#1
so yea my cheap jasmine s33's bridge is pulling the part of the body right behind it up causing a lump on the guitar and i know its not good how longer till it breaks?
MY GEAR:
Epiphone Sheraton 2
Takamine Jasmine J33?
60's J bass copy (trying to sell or trade)
fender mustang 1
Victoria Regal II
big muff
seed of life overdrive

"We make music for hipster strippers" Dan Auerbach
#2
No not good. How old is guitar, mybe there is a warrantee issue. If its cheap probably not worth getting fixed at shop. Maybe you could take of old bridge and epozy new one on. Mybe its good time to buy a quality guitar you carnt have to many. Cheers
#3
could be you're using too heavy a gauge of strings on the guitar or that the humidity where the guitar is kept is too high - or a combination of both.
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#4
This is called 'bellying' & is a relatively easy fix but probably not worth it on a $300. Mind you I designed my own "Bridge Doctor" type of bellying brace & did it for like $10. If you do it yourself it is well worth doing.

Here is my setup



I have step by step pics of an Alverez I did. If you are interested.

http://dixguitars.blogspot.com/search/label/Repairs
Richard

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Last edited by Dix_Fix at May 13, 2011,
#5
Same thing happened to an el cheapo Johnson I have. I just changed the strings from 12's to 10's and now I happily use it outside, at the beach, in the shower (lol j/k) and don't worry about it. When it finally fully pulls off I will probably hang it on a wall for decoration!
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#6
I think that it is more about the way the action is affected by bellying than the problem of if it plays. Bellying raises the height of the bridge relative to the fretboard , hence the action goes out to shit. This usually makes it hard to finger anything "up the neck" .
Richard

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#7
If your action is too high that can cause bellying. On a Jasmine I would just live with it as it should sound fine. Repair is more than the cost of the guitar.
#8
This is evidence that the guitar was built with bracing that was too light OR a top that was too thin. Every pre war Martin I've ever seen had this belly up problem because they used to overscallp the bracing. Unfortunately what made the guitar sound so good was also the key factor in causing maintenance problems.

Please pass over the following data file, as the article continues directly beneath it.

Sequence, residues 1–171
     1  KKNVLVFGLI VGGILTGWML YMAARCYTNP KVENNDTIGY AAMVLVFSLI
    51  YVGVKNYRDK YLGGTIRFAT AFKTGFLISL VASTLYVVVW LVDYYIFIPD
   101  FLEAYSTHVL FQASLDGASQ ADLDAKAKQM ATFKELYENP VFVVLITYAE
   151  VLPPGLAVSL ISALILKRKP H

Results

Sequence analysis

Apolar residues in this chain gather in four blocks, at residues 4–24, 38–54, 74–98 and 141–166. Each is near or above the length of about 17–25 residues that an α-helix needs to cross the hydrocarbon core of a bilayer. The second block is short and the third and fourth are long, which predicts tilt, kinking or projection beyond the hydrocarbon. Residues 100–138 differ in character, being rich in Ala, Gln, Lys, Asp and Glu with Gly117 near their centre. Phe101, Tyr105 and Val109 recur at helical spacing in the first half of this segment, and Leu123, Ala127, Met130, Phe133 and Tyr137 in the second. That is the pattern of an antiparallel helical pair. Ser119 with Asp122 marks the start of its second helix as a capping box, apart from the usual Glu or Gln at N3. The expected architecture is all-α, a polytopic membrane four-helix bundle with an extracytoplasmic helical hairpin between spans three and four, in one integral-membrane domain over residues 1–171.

The problem has nothing to do with the bridge of the guitar so don't worry about changing the bridge.

There isn't much you can do. There is an internal truss rod system that you can put in like the one dix sketched out. If you don't want to make your own then there is a company that makes them but I can't remember what they are called. I do know breadlove uses them in their guitars so a quick search of the breadlove site and you are bound to find info on it. Other than that just use lighter strings or downtune a half step.
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#9
hopefully it will be an excuse to buy a new one (rustic seagull)
MY GEAR:
Epiphone Sheraton 2
Takamine Jasmine J33?
60's J bass copy (trying to sell or trade)
fender mustang 1
Victoria Regal II
big muff
seed of life overdrive

"We make music for hipster strippers" Dan Auerbach
#10
Quote by fmonzo27
hopefully it will be an excuse to buy a new one (rustic seagull)


Sounds like a plan, haha.
Equipment:
- Art & Lutherie Cedar CW (SOLD! )
- Martin D-16RGT w/ LR Baggs M1 Active Soundhole Pickup
- Seagull 25th Anniversary Flame Maple w/ LR Baggs Micro EQ

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#12
This bulking happened to an old laminated top Hohner I have, only the top has also come apart from the X-bracing inside, so I lost a lot of volume too. So I wonder if it also depends on careless gluing of the braces... or high humidity dissolves the glue. Though I can see how the braces in Dix's Alvarez remained intact the whole time, despite of the bellying. Great job on the fix, Dix!